The Thoresen Review needs to concentrate on five key areas for a national approach to generic advice, claims the Resolution Foundation.
In response to Otto Thoresen’s ‘Call for Evidence’ consultation, the research and policy organisation is calling for funding to be earmarked in the government’s Comprehensive Spending Review (CSR) which is scheduled for later this year.
It says it believes generic financial advice “is the key to delivering a step change in financial capability among UK consumers”, and suggests any national approach should be developed to coincide with the introduction of personal accounts in 2012.
And it says if a national generic advice network is to be successful the Thoresen Review should focus on five key areas:
- Brokering a funding agreement which recognises the benefits that generic financial advice will deliver to consumers, the government and the financial services industry
- Clarifying how generic financial advice can be applied in real life situations so that clear, effective advice can be given to consumers
- Co-ordinating the development of generic advice with the introduction of personal accounts so people get the advice they need on their pension options
- Identifying a brand for the advice that captures consumers’ imagination and appeals to those on low to moderate incomes who are most in need of it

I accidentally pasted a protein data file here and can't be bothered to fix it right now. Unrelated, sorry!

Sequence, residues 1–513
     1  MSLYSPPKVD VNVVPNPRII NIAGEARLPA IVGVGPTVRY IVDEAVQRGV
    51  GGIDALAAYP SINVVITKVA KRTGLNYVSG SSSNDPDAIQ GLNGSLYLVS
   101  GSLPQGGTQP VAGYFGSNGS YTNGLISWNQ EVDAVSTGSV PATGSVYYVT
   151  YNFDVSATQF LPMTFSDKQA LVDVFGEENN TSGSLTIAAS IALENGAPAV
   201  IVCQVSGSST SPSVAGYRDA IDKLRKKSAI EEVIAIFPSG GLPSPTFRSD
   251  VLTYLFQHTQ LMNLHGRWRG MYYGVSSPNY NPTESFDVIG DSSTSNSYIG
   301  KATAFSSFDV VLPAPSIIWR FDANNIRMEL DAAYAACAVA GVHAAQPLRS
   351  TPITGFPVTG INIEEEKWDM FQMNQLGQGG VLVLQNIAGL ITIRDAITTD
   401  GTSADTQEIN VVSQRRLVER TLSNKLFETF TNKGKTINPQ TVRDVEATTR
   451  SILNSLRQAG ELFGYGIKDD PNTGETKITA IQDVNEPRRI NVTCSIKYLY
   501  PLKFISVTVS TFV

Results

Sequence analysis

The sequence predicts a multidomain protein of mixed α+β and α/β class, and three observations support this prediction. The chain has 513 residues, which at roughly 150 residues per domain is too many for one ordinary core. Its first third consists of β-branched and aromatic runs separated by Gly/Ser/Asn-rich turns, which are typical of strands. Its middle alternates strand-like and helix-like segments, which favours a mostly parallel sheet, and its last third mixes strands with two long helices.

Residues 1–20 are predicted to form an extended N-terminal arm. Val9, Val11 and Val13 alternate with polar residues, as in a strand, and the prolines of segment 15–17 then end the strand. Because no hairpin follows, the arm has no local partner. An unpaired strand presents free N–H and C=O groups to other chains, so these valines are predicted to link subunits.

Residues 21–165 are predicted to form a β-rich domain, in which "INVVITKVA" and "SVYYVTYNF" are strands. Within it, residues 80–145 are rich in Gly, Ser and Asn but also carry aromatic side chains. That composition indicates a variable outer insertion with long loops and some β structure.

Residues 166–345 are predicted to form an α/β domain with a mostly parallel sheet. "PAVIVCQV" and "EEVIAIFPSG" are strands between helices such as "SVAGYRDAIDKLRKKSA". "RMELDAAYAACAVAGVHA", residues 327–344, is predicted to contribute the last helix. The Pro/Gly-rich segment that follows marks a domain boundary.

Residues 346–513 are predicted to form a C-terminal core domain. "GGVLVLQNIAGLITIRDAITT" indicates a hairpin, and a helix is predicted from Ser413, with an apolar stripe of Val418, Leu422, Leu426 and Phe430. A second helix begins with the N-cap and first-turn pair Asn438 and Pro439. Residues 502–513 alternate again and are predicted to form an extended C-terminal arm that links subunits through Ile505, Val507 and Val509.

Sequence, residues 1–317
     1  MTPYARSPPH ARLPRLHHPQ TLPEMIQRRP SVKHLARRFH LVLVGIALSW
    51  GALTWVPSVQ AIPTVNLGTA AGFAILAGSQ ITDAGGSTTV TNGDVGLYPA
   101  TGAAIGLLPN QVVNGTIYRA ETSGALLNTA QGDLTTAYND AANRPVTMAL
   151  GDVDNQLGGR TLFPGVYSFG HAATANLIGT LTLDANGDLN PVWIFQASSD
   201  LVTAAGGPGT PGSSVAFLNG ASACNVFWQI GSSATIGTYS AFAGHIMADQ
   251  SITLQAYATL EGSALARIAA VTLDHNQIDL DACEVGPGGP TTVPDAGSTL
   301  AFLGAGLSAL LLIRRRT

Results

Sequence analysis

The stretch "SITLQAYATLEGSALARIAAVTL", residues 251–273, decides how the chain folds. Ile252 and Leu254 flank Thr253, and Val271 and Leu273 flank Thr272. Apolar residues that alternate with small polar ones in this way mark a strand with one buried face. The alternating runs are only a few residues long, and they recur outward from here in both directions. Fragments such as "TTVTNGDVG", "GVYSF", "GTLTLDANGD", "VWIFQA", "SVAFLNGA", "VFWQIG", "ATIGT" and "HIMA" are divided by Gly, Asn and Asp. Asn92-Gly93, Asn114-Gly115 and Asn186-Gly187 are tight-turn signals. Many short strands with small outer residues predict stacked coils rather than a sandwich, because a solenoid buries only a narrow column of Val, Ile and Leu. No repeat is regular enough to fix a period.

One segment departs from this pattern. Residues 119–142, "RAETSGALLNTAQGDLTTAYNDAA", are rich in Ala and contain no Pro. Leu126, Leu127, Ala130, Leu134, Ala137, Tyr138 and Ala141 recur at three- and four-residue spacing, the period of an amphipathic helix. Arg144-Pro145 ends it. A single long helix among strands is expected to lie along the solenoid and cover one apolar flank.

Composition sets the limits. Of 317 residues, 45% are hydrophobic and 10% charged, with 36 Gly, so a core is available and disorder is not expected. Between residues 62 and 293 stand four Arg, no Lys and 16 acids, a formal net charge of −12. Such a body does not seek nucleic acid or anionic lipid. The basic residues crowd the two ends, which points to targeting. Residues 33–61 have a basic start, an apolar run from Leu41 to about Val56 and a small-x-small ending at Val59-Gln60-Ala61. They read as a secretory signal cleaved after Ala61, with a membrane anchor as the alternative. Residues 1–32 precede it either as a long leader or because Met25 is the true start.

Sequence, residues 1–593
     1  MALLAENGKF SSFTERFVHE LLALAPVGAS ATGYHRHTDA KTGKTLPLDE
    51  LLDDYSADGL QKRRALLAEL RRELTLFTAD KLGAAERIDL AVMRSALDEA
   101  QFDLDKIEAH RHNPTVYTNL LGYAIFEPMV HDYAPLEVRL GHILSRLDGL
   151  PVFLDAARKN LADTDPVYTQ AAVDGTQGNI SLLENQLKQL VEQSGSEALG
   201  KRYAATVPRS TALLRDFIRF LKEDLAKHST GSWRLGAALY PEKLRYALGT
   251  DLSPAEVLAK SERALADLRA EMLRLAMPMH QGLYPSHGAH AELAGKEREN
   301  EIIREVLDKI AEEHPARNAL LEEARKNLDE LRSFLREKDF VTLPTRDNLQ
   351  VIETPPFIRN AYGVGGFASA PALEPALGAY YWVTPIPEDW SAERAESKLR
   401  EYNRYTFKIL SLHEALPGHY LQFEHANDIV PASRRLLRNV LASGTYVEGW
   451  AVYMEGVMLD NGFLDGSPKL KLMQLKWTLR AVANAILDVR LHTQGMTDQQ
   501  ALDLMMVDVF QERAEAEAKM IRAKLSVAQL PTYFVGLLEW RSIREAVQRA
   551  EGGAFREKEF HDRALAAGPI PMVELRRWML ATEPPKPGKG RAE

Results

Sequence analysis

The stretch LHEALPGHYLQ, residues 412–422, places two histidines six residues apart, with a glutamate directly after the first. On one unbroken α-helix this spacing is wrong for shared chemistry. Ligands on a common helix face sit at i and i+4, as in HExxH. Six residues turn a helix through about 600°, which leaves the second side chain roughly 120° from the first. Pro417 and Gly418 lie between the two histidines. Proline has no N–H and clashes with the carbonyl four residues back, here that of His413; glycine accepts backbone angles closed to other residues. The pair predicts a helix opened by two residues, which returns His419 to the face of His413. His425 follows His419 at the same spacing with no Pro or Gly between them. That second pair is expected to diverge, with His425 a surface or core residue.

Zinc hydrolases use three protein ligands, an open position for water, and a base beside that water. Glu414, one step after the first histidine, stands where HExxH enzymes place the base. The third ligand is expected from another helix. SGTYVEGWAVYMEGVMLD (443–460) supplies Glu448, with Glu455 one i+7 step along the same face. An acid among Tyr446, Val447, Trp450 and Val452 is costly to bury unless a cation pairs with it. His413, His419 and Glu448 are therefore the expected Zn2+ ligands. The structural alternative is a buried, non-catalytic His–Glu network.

- Harnessing the latest learning about how to influence human behaviour to encourage people to take action and make better financial decisions in response to the advice they receive
Previous research published by the Foundation suggests a national generic advice resource could be delivered for around £50m a year, and argues greater access to financial advice could benefit consumers by up to £60,000 over their lifetime, and deliver welfare savings of approximately £100m within 10 years.
Sue Regan, chief executive of the Resolution Foundation, says: “Generic financial advice will be the jewel in the crown of the government’s financial capability strategy. It is vital the momentum generated by the Thoresen Review is maintained and that funding for it is prioritised in the Comprehensive Spending Review.”
The initial consultation published by Thoresen in March, at a conference hosted by the Resolution Foundation, closes on 27 April with Thoresen asking for “insights and experience of running an advice system to the public, to enable us to learn from others and develop a solution based on practical evidence.”
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